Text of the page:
Their content was the Soviet propaganda, which the CIA copied from the Soviet press, and which corresponded to the “good U.S.–Soviet relations” at the time. I recognized the Soviet propaganda at a glance, since I had grown up in that environment, and part of my early spiritual development was to find how mendacious it was.
Without Western intelligence-espionage within a state-slave country like today’s China, the West remains blind and doomed. But The New York Times did not even mention my article of 1978, and neither William Safire’s membership in the East Side Conservative Club, nor my membership on its advisory board, nor Tom Bolan’s drawing attention to the crucial importance of my article had any effect.
But the understanding of the life-or-death importance of Western intelligence-espionage in the age of state-slave societies and of post-nuclear super weapons is probably more significant than all that The New York Times has ever published in the past half a century, Safire’s Op-Ed page columns including.
I have noticed over the past few years a kind of nervousness on the part of the newspaper. The paper offers to deliver its Friday, Saturday, and Sunday issues for a little more than the old newsstand price of the Sunday issue alone.
In 1993, The New York Times had 757,000 readers, and by 2006, the number fell to 529,000. In February of 2004 The New York Times stock price was $49, and in February of 2008, it was $14 — a drop to less than one-third its previous price! There has been an offer to buy The New York Times. It was speculated that since The New York Times cannot regain its erstwhile glory, its owners may be willing to sell it.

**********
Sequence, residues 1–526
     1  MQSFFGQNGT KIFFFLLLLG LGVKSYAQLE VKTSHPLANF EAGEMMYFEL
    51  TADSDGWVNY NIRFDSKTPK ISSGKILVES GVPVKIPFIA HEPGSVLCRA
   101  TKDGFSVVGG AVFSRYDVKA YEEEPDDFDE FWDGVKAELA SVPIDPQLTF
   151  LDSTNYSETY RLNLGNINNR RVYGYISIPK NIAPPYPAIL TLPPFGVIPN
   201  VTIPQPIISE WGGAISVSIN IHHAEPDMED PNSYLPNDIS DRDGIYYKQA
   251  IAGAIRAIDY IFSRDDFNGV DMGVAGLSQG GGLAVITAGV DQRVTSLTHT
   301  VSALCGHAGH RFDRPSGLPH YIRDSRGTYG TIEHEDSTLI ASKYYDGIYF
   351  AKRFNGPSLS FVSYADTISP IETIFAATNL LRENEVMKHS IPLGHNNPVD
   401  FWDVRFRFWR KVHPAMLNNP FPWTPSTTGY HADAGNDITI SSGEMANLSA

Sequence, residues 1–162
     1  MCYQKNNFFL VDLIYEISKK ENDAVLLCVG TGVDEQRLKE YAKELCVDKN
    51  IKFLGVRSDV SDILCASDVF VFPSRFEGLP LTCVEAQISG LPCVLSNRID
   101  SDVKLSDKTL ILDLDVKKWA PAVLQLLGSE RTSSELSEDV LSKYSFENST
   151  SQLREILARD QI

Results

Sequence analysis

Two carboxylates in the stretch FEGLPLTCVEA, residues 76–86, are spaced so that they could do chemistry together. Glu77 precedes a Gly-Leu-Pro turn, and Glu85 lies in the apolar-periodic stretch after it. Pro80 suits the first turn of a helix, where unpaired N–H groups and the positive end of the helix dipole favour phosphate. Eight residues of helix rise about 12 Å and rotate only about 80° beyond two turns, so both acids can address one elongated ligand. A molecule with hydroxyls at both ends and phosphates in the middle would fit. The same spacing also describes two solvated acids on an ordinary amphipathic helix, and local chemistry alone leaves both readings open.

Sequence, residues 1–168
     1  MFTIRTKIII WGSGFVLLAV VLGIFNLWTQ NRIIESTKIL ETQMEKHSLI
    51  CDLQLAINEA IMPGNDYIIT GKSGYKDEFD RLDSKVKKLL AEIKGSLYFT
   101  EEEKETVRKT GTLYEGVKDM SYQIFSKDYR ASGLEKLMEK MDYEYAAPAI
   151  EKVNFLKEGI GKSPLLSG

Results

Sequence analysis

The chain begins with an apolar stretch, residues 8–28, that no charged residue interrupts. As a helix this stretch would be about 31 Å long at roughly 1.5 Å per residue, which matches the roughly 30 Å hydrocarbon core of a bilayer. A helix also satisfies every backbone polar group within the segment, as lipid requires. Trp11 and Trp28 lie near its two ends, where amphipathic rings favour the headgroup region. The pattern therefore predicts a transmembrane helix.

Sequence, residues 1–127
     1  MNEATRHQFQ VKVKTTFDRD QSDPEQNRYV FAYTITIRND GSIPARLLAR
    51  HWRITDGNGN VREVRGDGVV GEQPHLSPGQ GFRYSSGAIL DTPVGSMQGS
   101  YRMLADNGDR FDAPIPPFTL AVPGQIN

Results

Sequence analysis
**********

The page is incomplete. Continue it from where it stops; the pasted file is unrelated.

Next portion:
The New York Times attained its highest prestige when there was no Internet, and it was assumed that every serious communication must be sold in print on paper and must be long and boring. Weekly or monthly small-format daily magazines entertained those riding to or from work in subways or buses. But even daily issues of The New York Times were too cumbersome to read on the way to work or back home.
As for its Sunday issue, it was certainly intended for professors or those who imagined themselves professors and read the Sunday issue of The New York Times as seriously as they would read Kant.
The advance of radio, television, and the Internet has been irresistible, however. As I mentioned William Safire in this column, I looked him up in my 1,004-page “New York Times Almanac,” published in 2007 and presented on the cover as “The World’s Most Comprehensive and Authoritative Almanac.” I found that the Almanac devoted to The New York Times one paragraph in small print (Page 133) about the publication of the “Pentagon Papers” and Nixon’s failed attempt to punish legally The New York Times for this publication.
No New York Times columnist, editor, or reporter, is even mentioned. The Almanac is a one-volume non-alphabetical hodge-podge, totally useless. On the other hand, the name “William Safire,” which I pulled up in the Yahoo! of my computer, brought many pages about Safire. Who then needs “The New York Times [?] Almanac”?
I was not surprised that according to Nielsen Net Ratings, Newsmax.com has advanced above the Chicago Sun-Times and The Washington Times. The 19th-century tabloids are going out, and the future belongs to the Internet.